Wednesday, March 28, 2012

Classic Throwback: Night of the Hunter (Charles Laughton, 1955)

I watched Night of the Hunter as part of my 2012 Blind Spot Series. Here is a quick overview of my thoughts.

The Night of the Hunter, directed by Charles Laughton in what is considered to be one of the greatest films ever made by a first-time director (it is hard to top Orson Welles’ Citizen Kane), is a sinister blend of Gothic horror, macabre fairy tale and film noir.

Ben Harper (Peter Graves) is in prison awaiting execution for murder. His cellmate, Reverend Harry Powell (Robert Mitchum), tries unsuccessfully to persuade him to reveal where he stashed the $10, 000 dollars he pulled from the crime. Overhearing Harper in his sleep mention his children, and convinced that it must be stashed somewhere at Ben’s home, he makes his way there upon release. Evidently a madman, he utilizes his oily charm to seduce Ben’s newly widowed wife, Willa (Shelley Winters). He marries her in the hopes that he will some day learn about the money – not out of love – and he soon makes his intentions clear by continually interrogating Willa and her two young children, John and Pearl, about the whereabouts.

He doesn’t realize that the children are the only two with this knowledge, and when he does, his pursuit of the children across the Depression-battered South is truly terrifying. Powell, maintaining his charming demeanor around the locals, transforms into the murderous misogynist he has kept repressed and starts an undeterred hunt for the children and his long-desired riches. He meets his match in Laughton’s symbol of holy good, a kindly spinster named Miss Cooper (Lillian Gish), who takes in the children and safeguards them from the relentless Powell. It is the perfect biblical transcendence of good over evil.

The beautiful black-and-white cinematography is highly stylized; adopting conventions mastered in some of the early Gothic masterpieces, but also influencing how many later horror thrillers films would utilize style and mood to create a surreal atmosphere. The reveal of Shelley Winters at the bottom of the river is one such extraordinary image – her hair rippling around her face from the current. The images take on an ethereal dream-like (well, nightmare) quality with wonderful use of shadow and silhouette, and the narrative is told as if it is a children’s fable.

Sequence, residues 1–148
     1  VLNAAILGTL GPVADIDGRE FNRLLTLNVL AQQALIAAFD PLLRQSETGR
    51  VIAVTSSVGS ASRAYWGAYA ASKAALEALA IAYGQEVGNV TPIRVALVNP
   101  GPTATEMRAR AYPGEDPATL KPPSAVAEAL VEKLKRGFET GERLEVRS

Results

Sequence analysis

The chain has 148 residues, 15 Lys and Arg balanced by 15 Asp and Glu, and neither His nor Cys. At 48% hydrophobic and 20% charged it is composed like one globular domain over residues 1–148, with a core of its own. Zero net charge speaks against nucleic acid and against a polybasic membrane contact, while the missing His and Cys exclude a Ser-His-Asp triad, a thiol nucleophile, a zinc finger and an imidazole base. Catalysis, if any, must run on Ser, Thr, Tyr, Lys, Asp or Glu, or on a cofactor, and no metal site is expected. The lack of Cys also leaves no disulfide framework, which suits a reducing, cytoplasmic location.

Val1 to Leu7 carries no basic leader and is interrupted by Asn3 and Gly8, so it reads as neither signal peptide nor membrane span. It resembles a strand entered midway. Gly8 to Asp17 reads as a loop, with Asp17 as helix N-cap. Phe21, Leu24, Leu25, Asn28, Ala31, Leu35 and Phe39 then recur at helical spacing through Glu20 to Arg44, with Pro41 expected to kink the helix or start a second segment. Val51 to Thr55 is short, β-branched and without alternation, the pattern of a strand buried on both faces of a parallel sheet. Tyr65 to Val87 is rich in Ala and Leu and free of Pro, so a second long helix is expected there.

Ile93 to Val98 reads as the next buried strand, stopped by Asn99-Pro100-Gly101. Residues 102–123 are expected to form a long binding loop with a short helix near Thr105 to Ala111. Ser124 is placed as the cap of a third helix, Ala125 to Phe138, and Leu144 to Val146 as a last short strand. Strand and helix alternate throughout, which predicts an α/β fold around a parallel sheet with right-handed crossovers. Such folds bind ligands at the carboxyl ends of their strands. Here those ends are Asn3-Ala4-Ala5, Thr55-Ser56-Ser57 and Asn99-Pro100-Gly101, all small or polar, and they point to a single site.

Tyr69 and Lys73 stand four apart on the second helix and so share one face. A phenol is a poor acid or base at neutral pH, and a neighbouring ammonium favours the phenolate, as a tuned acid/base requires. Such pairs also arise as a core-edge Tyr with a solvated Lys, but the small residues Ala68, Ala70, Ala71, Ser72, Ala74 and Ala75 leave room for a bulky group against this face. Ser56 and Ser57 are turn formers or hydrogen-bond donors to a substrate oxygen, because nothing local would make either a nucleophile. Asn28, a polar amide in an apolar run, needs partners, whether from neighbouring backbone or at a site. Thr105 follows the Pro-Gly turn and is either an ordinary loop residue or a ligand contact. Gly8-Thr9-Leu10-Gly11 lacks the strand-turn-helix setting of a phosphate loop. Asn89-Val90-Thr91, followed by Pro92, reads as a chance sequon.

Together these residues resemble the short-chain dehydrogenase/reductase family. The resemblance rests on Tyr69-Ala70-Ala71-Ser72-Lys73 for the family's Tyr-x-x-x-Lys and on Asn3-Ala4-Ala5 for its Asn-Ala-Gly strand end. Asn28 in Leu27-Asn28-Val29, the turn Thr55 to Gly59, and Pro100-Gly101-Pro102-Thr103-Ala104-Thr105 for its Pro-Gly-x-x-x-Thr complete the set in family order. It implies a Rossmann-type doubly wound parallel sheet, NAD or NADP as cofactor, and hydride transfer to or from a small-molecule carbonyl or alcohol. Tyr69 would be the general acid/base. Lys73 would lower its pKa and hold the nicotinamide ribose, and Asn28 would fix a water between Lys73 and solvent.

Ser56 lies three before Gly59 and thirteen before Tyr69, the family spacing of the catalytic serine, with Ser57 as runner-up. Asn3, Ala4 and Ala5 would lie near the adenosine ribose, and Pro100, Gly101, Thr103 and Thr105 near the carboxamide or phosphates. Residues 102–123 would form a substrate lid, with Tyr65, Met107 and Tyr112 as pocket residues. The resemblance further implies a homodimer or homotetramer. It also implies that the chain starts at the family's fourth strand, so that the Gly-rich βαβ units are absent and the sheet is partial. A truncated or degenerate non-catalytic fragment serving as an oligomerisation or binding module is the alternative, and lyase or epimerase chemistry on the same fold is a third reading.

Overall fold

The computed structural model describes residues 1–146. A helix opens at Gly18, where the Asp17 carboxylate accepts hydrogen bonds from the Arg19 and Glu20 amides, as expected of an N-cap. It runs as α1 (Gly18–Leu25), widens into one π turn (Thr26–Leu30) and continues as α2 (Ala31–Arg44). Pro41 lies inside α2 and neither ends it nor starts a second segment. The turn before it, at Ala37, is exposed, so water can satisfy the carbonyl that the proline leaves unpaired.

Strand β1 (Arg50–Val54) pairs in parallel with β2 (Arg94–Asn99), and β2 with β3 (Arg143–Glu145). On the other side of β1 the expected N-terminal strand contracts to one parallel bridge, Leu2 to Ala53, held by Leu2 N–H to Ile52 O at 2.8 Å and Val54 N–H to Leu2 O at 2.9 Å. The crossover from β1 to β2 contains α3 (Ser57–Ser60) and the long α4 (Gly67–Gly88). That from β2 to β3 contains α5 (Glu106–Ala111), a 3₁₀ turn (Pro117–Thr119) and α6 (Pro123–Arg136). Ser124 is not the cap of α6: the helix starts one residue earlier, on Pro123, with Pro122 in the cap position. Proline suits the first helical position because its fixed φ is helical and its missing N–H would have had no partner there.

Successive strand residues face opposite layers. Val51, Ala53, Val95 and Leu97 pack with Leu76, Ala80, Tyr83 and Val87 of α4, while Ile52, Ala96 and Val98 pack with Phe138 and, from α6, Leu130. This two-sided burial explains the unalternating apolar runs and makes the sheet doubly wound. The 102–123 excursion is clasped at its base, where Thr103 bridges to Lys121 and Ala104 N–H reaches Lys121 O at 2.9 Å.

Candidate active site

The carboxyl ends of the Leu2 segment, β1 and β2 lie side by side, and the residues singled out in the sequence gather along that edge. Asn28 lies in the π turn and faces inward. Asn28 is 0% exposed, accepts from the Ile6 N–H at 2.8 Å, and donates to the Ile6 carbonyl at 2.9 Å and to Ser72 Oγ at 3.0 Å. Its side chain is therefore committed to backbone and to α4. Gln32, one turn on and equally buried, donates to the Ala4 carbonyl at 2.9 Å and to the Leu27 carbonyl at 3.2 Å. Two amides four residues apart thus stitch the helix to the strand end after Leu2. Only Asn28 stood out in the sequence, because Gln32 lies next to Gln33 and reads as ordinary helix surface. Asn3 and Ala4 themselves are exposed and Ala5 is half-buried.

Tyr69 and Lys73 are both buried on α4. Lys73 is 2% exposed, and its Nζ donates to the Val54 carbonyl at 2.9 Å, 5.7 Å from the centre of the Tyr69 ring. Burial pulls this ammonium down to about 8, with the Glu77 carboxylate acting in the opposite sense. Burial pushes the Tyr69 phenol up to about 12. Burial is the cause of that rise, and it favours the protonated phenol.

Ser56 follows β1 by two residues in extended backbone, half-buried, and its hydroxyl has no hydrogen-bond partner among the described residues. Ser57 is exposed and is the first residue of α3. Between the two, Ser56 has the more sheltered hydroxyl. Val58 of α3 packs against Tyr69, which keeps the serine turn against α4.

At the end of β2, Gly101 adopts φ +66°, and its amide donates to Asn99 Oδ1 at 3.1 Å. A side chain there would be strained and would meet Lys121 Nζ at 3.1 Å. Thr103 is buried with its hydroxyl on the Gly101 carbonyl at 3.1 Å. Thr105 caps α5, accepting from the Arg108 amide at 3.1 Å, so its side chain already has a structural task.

It is also great to see Lillian Gish play a significant role in the second half. She is one of silent cinema’s greatest actresses, working with D.W Griffith in classics like Birth of a Nation and Broken Blossoms – and her work here is phenomenal.

But it is Robert Mitchum who is the star of the film, crafting one of cinema’s most terrifying villains. Convincing with his charm, we gradually see Willa and the children fall under his charismatic spell, and even when the townsfolk learn that Willa is missing, they still don’t suspect that Powell has anything to do with it, his guise is so convincing. With LOVE and HATE tattooed across his knuckles, displaying unexpected violent bursts of anger, and with his hulking frame terrorizing the children, he is the figure of nightmares – exactly as intended by Charles Laughton, whose unconventional, but now legendary artistic triumph, was his one and only work as director before his death in 1962. It has taken me a long time to watch Night of the Hunter, but it is every bit as chilling as I imagine it was back in 1955.


  1. I love this film as well. As far as composition is concerned, Night of the Hunter's influence cannot be understated. And Mitchum is hands down one of my favorite actors of all time (Thunder Road is another excellent Mitchum classic). Great review!

  2. Great review of a great film. I haven't seen this in a few years, and your review makes me want to go back and revisit it. How the hell wasn't Mitchum nominated for an Oscar?

  3. Great review Andy!

    I love this movie, it is absolutely terrifying and one of them that convinced me to go and watch other Robert Mitchum films. I think that 'Night of the Hunter' and 'Cape Fear' are 2 of my favourite performances.

    A great reviews and you've inspired me to go and watch it again!

  4. Mitchum earns his stripes as one of the most sinister, meanest villains in film-history. But MAN ON THE EIFFEL TOWER is a decent first-directing effort, too.

    1. Hmm I haven't heard of that one. Cheers for the info.